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 Abraham Cruzvillegas, Hyundai Commission, Tate Modern, Turbine Hall
Abraham Cruzvillegas Unveils His Hyundai Commission At Tate Modern's Turbine Hall - ArtLyst Article image

Abraham Cruzvillegas Unveils His Hyundai Commission At Tate Modern's Turbine Hall

12-10-2015
 
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Tate Modern has unveiled the inaugural Hyundai Commission which replaces the Unilever Commission in the Turbine Hall by Abraham Cruzvillegas. The first in a new series of annual site-specific commissions by renowned international artists, Empty Lot is a large new sculpture provoking questions about the city and nature, as well as wider ideas of chance, change, and hope.

The sculpture consists of two stepped triangular platforms that extend across Tate Modern’s iconic Turbine Hall. Visitors will be able to explore underneath the platforms by wandering through the supporting scaffolding and view them from above on the Turbine Hall bridge. The platforms hold a geometric grid of 240 wooden planters filled with compost and over 23 tonnes of soil collected from parks and gardens all across London from Peckham Rye to Regent’s Park.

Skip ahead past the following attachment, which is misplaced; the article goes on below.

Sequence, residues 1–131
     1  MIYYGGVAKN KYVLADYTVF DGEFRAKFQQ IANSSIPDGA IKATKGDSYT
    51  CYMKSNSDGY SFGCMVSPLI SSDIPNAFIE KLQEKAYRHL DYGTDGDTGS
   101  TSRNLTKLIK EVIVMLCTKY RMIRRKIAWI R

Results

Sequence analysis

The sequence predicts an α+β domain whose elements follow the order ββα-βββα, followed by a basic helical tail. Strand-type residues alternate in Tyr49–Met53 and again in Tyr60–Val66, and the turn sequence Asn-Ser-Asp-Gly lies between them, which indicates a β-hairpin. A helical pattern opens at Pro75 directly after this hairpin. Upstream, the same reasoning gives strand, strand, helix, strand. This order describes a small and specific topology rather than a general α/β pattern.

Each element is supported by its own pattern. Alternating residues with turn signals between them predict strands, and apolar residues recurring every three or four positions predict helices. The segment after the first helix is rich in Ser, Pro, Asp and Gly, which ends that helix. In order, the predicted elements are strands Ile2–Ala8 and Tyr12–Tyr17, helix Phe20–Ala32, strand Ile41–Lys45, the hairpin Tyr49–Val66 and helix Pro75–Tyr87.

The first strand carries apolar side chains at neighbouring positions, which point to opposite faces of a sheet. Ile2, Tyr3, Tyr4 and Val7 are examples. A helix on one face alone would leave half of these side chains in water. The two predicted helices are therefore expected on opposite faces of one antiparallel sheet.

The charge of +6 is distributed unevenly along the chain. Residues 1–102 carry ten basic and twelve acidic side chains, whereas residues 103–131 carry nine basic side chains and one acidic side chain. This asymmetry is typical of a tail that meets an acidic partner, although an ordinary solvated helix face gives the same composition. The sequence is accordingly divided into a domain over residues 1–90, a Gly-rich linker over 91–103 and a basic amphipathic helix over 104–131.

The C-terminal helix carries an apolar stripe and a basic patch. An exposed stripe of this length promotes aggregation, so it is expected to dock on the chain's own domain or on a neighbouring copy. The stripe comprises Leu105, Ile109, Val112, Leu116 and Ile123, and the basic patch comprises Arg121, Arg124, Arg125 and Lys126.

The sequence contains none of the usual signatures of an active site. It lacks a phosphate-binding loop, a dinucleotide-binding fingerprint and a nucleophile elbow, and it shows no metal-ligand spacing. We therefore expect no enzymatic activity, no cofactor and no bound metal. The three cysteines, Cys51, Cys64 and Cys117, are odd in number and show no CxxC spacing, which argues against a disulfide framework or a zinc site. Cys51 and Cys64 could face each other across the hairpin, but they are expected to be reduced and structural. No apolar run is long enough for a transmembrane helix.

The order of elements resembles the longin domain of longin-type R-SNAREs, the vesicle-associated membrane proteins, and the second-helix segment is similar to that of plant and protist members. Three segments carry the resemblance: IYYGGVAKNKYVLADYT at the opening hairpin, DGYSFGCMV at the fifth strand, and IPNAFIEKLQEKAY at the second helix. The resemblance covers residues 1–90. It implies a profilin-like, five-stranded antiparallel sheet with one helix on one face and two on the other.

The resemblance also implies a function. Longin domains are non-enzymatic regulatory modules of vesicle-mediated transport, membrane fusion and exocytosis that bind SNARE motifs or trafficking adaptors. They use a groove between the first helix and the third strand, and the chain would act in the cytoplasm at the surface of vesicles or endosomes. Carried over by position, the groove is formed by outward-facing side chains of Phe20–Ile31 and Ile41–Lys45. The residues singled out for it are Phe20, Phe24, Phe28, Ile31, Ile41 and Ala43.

Abraham Cruzvillegas is best known for creating sculptural works from local objects, some found, some bought. For the duration of the project, the soil will be lit by lampposts constructed by the artist using materials found in skips and building sites around Tate. Nothing has been planted by the artist, but flowers, mushrooms, and other greenery may grow depending on what seeds or bulbs have found their way into the soil. Cruzvillegas explores ideas of unpredictability and hope, inviting visitors to see the sculpture changing from one week to the next. In the middle of a busy commercial area of London, the ‘empty lot’ is a space where nothing is produced but where change might happen.

Many of the artist’s interests are embodied in this project, from seed bombing and guerrilla gardening to ancient ‘chinampas’, small grids of earth used to grow corn, peppers and tomatoes in the area that later became Mexico City. The triangular shape evokes a giant compass, pointing east and west, but also recalls the strong diagonals used by Russian avant-garde artists such as El Lissitsky and the work of the visionary architect Buckminster Fuller whose geodesic dome designs comprised intersecting triangular elements.

During the 1990s and 2000s, Cruzvillegas was among the key figures of a new wave of artists in Mexico. For the past few years, he has created a body of work under the title ‘Autoconstrucción’ or ‘self-construction’, a term which usually refers to the way Mexicans of his parents’ generation arriving in the capital from rural areas in the 1960s, built their own houses in stages, improvising with whatever materials they could source. Cruzvillegas was born in 1968 in Mexico City, where he continues to live and work. He is represented in several major museum collections, including Tate and MoMA, New York, and in recent years his work has been exhibited at Haus der Kunst, Munich (2014); Walker Art Center, Minneapolis (2013); and Modern Art Oxford (2011).


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